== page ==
How do keas (Nestor notabilis) solve artificial-fruit problems with multiple locks?

Hiromitsu Miyata, Gyula K. Gajdon, Ludwig Huber, Kazuo Fujita

研究成果: Article

21 引用 (Scopus)

抄録

Keas, a species of parrots from New Zealand, are an interesting species for comparative studies of problem solving and cognition because they are known not only for efficient capacities for object manipulation but also for explorative and playful behaviors. To what extent are they efficient or explorative, and what cognitive abilities do they use? We examined how keas would solve several versions of artificial-fruit box problems having multiple locks. After training keas to remove a metal rod from over a Plexiglas lid that had to be opened, we exposed the birds to a variety of tasks having two or more locks. We also introduced a preview phase during which the keas had extended opportunity to look at the tasks before the experimenter allowed the birds to solve them, to examine whether the preview phase would facilitate the birds' performance on the tasks. In a large number of tests, the keas showed a strong trend to solve the tasks with no positive effect of previewing the tasks. When the tasks became complex, however, the keas corrected inappropriate responses more quickly when they had had chance to preview the problems than when they had not. The results suggest that the keas primarily used explorative strategies in solving the lock problems but might have obtained some information about the tasks before starting to solve them. This may reflect a good compromise of keas' trial-and-error tendency and their good cognitive ability that result from a selection pressure they have faced in their natural habitat.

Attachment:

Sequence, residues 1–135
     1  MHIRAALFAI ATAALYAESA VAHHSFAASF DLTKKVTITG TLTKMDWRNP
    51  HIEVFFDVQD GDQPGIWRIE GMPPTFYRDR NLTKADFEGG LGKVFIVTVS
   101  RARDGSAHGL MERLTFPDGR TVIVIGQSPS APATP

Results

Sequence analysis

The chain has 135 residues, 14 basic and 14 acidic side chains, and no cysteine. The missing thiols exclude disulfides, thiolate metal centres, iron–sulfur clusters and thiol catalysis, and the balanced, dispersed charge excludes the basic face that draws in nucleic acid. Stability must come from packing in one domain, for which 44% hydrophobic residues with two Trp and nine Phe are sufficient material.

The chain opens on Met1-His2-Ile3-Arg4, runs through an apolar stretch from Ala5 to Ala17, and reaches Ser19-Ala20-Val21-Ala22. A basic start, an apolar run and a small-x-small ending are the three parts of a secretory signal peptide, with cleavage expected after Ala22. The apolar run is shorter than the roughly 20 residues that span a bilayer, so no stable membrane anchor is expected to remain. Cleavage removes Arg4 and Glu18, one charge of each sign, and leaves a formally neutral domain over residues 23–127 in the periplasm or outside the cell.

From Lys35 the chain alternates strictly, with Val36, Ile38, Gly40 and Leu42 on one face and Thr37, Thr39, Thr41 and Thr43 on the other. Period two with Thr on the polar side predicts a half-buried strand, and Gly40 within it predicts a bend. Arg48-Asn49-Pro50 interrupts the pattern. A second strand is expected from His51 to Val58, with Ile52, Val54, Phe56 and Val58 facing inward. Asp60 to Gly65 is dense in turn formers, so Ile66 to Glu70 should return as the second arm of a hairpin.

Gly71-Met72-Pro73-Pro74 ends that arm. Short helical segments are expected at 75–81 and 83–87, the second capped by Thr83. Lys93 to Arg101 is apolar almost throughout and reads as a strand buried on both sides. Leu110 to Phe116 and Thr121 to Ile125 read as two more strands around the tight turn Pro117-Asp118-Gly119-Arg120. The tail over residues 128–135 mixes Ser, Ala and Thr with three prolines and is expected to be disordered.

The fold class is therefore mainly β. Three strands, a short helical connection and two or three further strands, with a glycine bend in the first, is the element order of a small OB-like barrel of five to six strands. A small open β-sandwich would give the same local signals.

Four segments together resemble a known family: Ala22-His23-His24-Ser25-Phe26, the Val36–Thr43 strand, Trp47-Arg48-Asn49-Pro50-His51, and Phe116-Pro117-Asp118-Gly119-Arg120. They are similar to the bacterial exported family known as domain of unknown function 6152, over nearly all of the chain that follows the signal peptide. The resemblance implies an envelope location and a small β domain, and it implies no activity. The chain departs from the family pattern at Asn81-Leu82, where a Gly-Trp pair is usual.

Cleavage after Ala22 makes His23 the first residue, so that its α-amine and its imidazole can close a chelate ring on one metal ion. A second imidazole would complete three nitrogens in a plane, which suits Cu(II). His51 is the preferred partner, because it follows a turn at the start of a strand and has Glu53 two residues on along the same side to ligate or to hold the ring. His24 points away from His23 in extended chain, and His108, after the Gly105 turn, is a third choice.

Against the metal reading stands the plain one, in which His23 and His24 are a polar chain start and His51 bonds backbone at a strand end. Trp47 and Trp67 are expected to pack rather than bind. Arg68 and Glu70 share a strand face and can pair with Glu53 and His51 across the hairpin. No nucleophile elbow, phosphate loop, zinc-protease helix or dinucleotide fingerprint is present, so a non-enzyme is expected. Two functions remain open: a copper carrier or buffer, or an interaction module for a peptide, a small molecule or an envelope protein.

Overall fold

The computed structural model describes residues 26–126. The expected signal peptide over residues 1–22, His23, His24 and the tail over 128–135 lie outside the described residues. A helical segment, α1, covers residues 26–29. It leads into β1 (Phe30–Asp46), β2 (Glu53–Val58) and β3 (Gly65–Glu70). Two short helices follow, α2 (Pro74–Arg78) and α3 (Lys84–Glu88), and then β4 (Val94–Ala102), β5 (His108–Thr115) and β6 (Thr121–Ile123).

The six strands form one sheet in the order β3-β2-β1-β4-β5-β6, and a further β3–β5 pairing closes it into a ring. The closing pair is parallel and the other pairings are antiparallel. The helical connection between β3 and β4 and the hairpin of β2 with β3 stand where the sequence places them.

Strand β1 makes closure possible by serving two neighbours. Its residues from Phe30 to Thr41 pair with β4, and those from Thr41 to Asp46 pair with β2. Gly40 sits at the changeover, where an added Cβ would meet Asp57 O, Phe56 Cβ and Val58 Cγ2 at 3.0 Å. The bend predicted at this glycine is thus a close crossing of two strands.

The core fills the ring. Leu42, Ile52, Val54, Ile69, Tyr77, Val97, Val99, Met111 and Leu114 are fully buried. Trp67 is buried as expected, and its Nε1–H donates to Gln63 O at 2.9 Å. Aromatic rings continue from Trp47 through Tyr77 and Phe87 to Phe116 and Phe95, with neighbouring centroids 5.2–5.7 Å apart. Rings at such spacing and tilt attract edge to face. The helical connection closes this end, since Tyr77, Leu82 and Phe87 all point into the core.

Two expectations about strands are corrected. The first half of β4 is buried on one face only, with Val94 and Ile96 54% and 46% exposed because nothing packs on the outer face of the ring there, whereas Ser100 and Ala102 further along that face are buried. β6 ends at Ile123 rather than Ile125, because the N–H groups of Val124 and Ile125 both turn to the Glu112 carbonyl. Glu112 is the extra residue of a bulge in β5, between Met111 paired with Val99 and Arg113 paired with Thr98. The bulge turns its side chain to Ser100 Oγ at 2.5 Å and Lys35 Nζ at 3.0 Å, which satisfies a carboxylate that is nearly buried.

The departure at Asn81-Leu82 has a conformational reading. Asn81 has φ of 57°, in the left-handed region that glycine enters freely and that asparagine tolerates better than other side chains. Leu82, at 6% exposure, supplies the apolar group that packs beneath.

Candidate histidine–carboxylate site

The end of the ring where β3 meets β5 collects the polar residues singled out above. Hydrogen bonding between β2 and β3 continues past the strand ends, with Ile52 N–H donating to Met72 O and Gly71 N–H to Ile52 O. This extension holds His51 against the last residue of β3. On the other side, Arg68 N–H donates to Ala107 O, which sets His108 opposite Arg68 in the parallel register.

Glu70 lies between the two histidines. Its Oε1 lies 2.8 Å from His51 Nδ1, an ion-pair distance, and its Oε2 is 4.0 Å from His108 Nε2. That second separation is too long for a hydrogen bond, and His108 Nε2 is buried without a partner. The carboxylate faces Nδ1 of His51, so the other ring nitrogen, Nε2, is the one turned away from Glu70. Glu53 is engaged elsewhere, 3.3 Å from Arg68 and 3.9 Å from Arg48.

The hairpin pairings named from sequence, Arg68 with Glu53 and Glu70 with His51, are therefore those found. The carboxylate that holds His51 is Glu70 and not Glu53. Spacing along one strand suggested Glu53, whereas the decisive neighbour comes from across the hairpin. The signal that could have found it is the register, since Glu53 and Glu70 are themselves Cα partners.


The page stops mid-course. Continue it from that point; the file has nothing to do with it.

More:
元の言語English
ページ(範囲)45-58
ページ数14
ジャーナルAnimal Cognition
14
発行部数1
DOI
出版物ステータスPublished - 2011
外部発表Yes

Fingerprint

Birds
Fruit
Aptitude
fruit
bird
fruits
birds
Parrots
lids
boxes (containers)
cognition
parrots
Task Performance and Analysis
Polymethyl Methacrylate
New Zealand
Cognition
Ecosystem
comparative study
Metals
metals

ASJC Scopus subject areas

  • Ecology, Evolution, Behavior and Systematics
  • Experimental and Cognitive Psychology

これを引用

How do keas (Nestor notabilis) solve artificial-fruit problems with multiple locks? / Miyata, Hiromitsu; Gajdon, Gyula K.; Huber, Ludwig; Fujita, Kazuo.

:: Animal Cognition, 巻 14, 番号 1, 2011, p. 45-58.

研究成果: Article

Miyata, Hiromitsu ; Gajdon, Gyula K. ; Huber, Ludwig ; Fujita, Kazuo. / How do keas (Nestor notabilis) solve artificial-fruit problems with multiple locks?. :: Animal Cognition. 2011 ; 巻 14, 番号 1. pp. 45-58.
@article{0d4d0d39a3a04de68944fe52e9053add,
title = "How do keas (Nestor notabilis) solve artificial-fruit problems with multiple locks?",